Atopic eczema is a common chronic inflammatory skin disorder, the cause of which is complex and not fully understood. Both genetic and environmental factors are likely to contribute, with defects in epithelial barrier function arising from abnormalities in structural proteins such as filaggrin making the skin both excessively permeable and more prone to damage from environmental irritants and allergens.
About 20% of infants under 2 years of age with moderate to severe eczema will have food allergy.
In infants under 2, food allergy can exacerbate existing eczema but there is no justification for manipulating diet or removing food until skin care has been fully optimised.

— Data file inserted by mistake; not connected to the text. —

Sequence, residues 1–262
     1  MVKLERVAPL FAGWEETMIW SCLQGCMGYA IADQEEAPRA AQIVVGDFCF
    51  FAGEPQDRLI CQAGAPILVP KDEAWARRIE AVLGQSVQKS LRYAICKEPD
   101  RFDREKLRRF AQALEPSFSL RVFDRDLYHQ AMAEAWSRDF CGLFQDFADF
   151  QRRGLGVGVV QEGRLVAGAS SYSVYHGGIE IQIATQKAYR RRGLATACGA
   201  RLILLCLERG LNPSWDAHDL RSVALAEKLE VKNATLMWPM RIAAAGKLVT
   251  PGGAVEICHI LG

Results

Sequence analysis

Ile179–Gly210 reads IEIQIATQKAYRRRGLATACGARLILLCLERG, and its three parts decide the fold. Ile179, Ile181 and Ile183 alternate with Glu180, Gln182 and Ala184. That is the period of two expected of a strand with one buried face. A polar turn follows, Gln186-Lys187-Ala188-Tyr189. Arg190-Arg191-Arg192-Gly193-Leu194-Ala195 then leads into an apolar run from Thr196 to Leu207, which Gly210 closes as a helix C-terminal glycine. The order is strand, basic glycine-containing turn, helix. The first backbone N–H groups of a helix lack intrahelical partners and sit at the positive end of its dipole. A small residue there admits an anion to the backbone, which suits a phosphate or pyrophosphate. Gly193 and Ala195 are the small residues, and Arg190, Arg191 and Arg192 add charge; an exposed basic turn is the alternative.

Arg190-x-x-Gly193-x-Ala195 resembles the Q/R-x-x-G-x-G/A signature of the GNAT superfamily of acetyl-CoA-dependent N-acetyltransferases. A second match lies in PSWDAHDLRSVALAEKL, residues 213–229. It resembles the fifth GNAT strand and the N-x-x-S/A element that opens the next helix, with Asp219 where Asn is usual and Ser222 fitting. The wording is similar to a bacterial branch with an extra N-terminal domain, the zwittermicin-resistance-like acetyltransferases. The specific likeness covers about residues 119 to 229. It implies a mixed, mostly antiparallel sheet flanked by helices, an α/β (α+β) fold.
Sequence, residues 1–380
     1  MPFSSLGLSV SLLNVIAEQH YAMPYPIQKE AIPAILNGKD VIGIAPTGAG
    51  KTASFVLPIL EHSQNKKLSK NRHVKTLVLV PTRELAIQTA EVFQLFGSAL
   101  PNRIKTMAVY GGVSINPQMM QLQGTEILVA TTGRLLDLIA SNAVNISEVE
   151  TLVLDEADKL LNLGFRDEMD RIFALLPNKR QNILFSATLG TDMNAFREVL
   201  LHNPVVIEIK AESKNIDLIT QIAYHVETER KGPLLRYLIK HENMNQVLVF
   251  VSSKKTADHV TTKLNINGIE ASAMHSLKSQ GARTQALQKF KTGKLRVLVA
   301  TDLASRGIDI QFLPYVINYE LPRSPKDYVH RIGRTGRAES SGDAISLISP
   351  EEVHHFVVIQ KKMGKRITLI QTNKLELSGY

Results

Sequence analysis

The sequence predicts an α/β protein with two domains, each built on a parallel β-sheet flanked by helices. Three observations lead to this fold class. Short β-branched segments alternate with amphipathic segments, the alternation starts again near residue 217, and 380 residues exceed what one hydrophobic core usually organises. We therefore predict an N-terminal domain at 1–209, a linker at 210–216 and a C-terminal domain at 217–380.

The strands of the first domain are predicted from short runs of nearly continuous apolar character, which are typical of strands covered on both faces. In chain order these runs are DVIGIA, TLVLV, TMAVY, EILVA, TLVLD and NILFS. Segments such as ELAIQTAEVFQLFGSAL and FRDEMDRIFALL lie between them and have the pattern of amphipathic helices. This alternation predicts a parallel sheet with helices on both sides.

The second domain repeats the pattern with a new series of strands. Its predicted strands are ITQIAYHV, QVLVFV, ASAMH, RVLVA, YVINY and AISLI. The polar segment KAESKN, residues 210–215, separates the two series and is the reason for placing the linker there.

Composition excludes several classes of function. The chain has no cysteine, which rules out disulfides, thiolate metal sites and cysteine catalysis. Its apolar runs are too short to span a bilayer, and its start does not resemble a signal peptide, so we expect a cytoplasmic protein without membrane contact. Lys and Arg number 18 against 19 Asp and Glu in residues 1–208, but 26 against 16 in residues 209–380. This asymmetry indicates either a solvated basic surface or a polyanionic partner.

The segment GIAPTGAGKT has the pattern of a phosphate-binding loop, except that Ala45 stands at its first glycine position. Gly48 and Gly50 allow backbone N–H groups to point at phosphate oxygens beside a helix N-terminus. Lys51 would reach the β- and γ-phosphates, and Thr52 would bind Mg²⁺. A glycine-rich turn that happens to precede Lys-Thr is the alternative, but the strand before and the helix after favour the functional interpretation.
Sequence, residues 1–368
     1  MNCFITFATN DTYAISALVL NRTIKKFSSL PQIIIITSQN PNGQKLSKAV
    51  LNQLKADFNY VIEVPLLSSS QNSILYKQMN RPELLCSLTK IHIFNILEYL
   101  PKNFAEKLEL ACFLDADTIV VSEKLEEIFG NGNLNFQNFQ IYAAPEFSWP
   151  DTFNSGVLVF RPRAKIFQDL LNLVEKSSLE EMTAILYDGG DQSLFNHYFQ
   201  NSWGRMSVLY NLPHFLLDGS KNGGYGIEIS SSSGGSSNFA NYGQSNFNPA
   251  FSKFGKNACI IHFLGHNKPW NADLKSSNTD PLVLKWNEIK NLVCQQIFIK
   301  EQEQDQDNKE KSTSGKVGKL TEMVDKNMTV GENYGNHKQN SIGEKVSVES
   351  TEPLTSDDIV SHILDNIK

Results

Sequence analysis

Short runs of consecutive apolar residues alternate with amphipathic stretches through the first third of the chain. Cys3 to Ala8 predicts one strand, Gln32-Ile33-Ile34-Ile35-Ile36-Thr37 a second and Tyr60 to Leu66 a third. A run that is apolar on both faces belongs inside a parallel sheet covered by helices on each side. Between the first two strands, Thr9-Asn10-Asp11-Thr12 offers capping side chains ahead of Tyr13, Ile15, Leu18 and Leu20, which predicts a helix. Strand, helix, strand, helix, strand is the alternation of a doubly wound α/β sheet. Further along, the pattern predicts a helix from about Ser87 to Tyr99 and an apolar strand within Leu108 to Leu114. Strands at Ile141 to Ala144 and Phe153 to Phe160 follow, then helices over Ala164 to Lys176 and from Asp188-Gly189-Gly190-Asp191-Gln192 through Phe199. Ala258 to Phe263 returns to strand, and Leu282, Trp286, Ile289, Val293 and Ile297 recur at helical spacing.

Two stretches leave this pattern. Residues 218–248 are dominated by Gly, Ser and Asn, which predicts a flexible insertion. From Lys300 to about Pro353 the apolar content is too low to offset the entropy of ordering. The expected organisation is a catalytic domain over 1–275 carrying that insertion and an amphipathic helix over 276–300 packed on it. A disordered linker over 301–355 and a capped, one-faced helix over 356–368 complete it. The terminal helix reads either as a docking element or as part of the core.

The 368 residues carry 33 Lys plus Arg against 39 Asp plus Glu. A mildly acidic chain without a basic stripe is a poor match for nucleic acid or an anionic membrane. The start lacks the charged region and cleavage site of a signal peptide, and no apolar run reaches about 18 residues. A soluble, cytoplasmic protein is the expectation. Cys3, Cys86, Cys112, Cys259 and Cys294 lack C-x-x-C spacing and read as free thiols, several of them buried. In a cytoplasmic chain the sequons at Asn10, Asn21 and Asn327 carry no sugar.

Dietary manipulation must be short term and under experienced supervision from an allergy team that includes a Dietitian.
Children over 2 years with eczema should not have dietary manipulation without expert medical assessment.
Irish Skin Foundation guidelines for diagnosing and managing childhood eczema
Irish Skin Foundation and IFAN “20 Questions about food allergy and eczema”
Royal College of Paediatrics and Child Health Allergy Care Pathway for Eczema
Scottish National Clinical Guideline Managing Atopic Eczema in Primary Care